AHTC lawsuit should be capped at $620k, say defendants' lawyers
SC Chelva Rajah argued that $620,000 is because auditing firm KPMG, which looked through the town council's books, could detect only $1.5 million of improper payments. It concluded that only $624,621 was recoverable, while the rest was "undeterminable".
Lawyers for five Aljunied-Hougang town councillors, including three Workers' Party MPs, have argued that the maximum amount they can be sued for over alleged improper payments is slightly more than $620,000, not millions of dollars.
They made the argument in the High Court yesterday before Justice Kannan Ramesh, who is presiding over a $33.7 million lawsuit brought by the Aljunied-Hougang Town Council (AHTC) and Pasir-Ris Punggol Town Council (PRPTC) against the five over alleged improper payments and breaches of fiduciary duties.
Their closing arguments bring to an end the first leg of a trial that began last October, and saw written arguments traded back and forth in January and in March this year.
Yesterday, Senior Counsel Chelva Rajah argued that the much lower sum of $620,000 is because auditing firm KPMG, which looked through the town council's books, could detect only $1.5 million of improper payments. It concluded that only $624,621 was recoverable, while the rest was "undeterminable".
"This suggests that for these payments, KPMG could not ascertain whether AHTC had suffered any loss," he said.
On top of this, he noted that the bulk of this sum, or $608,911, was classified as improper by the auditors because the money was not project management fees as AHTC had said.
Excluding this sum would leave only $15,710 as recoverable, according to KPMG's report, he added.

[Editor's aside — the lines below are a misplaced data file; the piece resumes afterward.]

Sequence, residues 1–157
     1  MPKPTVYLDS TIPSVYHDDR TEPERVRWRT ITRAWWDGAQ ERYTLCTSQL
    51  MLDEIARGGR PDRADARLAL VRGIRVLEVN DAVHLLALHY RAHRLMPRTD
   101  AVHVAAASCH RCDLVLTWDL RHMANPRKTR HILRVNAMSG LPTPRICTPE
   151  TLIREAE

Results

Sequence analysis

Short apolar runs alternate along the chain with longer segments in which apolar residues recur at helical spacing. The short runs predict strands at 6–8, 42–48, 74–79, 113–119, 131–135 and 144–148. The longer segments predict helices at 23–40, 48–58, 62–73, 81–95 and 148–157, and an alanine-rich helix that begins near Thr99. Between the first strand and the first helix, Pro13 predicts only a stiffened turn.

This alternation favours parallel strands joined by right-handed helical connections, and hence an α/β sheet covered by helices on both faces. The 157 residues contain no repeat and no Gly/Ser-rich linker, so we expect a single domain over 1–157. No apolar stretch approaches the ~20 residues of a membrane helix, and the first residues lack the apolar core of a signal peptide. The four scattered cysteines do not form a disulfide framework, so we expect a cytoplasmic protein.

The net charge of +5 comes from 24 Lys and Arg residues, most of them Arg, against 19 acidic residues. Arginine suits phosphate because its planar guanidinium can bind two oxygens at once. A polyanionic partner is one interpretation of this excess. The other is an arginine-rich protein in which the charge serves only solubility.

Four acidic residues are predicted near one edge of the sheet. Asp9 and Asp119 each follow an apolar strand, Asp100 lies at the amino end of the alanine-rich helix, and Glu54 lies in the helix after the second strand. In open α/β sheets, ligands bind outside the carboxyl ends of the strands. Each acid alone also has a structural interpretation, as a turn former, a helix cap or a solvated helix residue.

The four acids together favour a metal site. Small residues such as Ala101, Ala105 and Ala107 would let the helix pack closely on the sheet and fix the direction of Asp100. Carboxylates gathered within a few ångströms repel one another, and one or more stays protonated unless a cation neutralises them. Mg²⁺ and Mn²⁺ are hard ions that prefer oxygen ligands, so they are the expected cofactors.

SC Rajah is representing the five town councillors, including WP chairman Sylvia Lim, secretary-general Pritam Singh and the party's former leader Low Thia Khiang.
In making his closing arguments, he also highlighted that an extra $2.8 million AHTC paid to a more expensive architect for seven out of 10 projects should not be taken into account. That is because KPMG could not determine which parts were recoverable, he said.
As well, it could be argued that the town councillors had picked the more expensive architect, LST Architects, "because they were the better architects and they had more trust and confidence (in them)", he added.
SC Rajah also argued that the town councillors had helped to save money by going with a new managing agent, FM Solutions and Services (FMSS), instead of the PAP's incumbent CPG Facilities Management.
He disagreed with AHTC and PRPTC's argument that FMSS cost more than if the town councillors had negotiated with CPG to stay.
This is because AHTC no longer had to foot the monthly $37,000 bill CPG paid to then-software firm Action Information Management for its computer system.
In the case of a second contract for two years, signed between AHTC and FMSS in 2012, this would have made FMSS $156,000 cheaper than if they had stayed with CPG, he said.
Among other things, he also emphasised that the WP town councillors and their hired vendors had consistently delivered on their services and as such, could not be said to have made improper payments.
"(Perhaps) the procedure was not followed - well, naughty boy, rap on the knuckles, but (there has been) no loss," he said.
He also argued that there should not be an order for further account and inquiry, given the two extensive audits the town council had gone through: one with KPMG and the other by auditing firm PricewaterhouseCoopers.
Besides SC Rajah, lawyer Leslie Netto also gave the closing arguments of FMSS co-founder How Weng Fan and her late husband Danny Loh.
Mr Netto argued, among other things, that Ms How and Mr Loh could not be considered fiduciaries as they were contracting parties who took on appointments at the request of AHTC - and these were positions normally filled by employees.
"They were not remunerated. They had no discretionary powers... (They) cannot be said to have considerable autonomy over decision-making," he said.
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